Last time, I wrote about how Ash said I saved her life by telling her she had to leave the house. She says “kicked out”. I prefer “leave”. She told me that in the past, she knew I had to do some tough things. Later she said if my telling her to leave was the hardest thing I ever had to do, she realized it was really bad. The drugs had become her best friend and that used to be me.
Ashley was right in that there were other events in my life that were very difficult. Some that I rarely share. I always was able to see that no matter what, I could get through it. This was different. What happened if she left and overdosed? How could I ever exist without my daughter? I cannot imagine a life without my kids. Even though we came close to losing Ashley after the fire, I just could never let myself believe she might actually die. This definitely was different. I kept remembering what other addicts in recovery had told me. Nothing was going to be more important than the drugs. Someone not addicted cannot begin to imagine the cravings. It totally takes over. An addict will do whatever it takes to reach euphoria. The drugs turned them into monsters. I felt this was my last opportunity to save her and yet there were so many doubts.
Ash left that night and was lucky enough to be able to stay with a friend she had known since middle school. This friend has supported Ash through every step of her recovery. She is also the friend who was living with a police officer. I found it interesting that an addict would stay in the home of a police officer but then again, I knew she was in a safe place. Except for whatever drugs she had. No one could keep her safe from those.
I think it was a day or so later that Ash called and asked if it was okay to come by the house. A package was coming to her from a friend in California with some things she had asked him to send. I was out of town, the house was locked and she had no keys so I gave her permission to come check the mail. I believed her??! I later found it was a package containing kratom ( I think). Since I was not actively journaling at the time, some of the details are a bit fuzzy, but then, that really is nothing new for me.
Within a couple of days, I was back home and received another call from Ash. She wanted to come over to the house. Ash had arranged to use her engagement ring as payment to enter the rehab in Lake Arrowhead again. The center would pay for her ticket to California as they knew she was in bad shape.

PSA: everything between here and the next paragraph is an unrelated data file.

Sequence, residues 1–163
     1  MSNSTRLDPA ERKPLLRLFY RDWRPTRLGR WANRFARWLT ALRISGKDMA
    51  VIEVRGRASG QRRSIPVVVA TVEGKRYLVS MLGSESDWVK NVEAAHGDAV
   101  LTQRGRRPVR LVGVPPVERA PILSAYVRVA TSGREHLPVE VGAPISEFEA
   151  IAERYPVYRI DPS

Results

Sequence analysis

I was proud of her for taking the step to get herself back in rehab but just sick to know she would be gone again. It is heartbreaking to remember the day when I took her to the airport.
She got out of the car standing as straight as her 90 something pounds would allow, looking like a wounded warrior going back to battle. Her backpack was much larger than she was. She looked determined. Scared. She also looked like she might not live through the flight. I don’t know how to even begin to describe this nightmare of letting her get on that plane without me. I just knew it had to be done. The memory of her leaving haunts me even now and that sick feeling in the pit of my stomach returns as do the tears. Would she make it? Am I doing the best thing for her? Why can’t I take this on for her? Is this the life my daughter, my lovely daughter who I love with all my being, is this the life she is going to have? Is she going to have a life? At one time I thought getting her through the fire and her recovery were going to be our toughest battles. I was so wrong. The automatic doors at Dulles swallowed my girl and she knew she was death walking.
The Betty Ford Family Program gave me the strength to set boundaries and follow through with them if I wanted to give my girl a chance. I would recommend anyone with a loved one in recovery to attend one of these programs. I used to not admit I thought she had a problem. I felt I had done everything wrong and that all of it was my fault. I made excuses. I could not believe this was happening. Except that it was.
Ash made it to rehab and went through the program a second time. For the time being, she was getting help, was safe, and, as always, I was hoping this would be it. It wasn’t. There was still more to come. Sometimes I still cannot believe all she has gone through. More later.
I am so proud of my daughter. I love my recovering addict.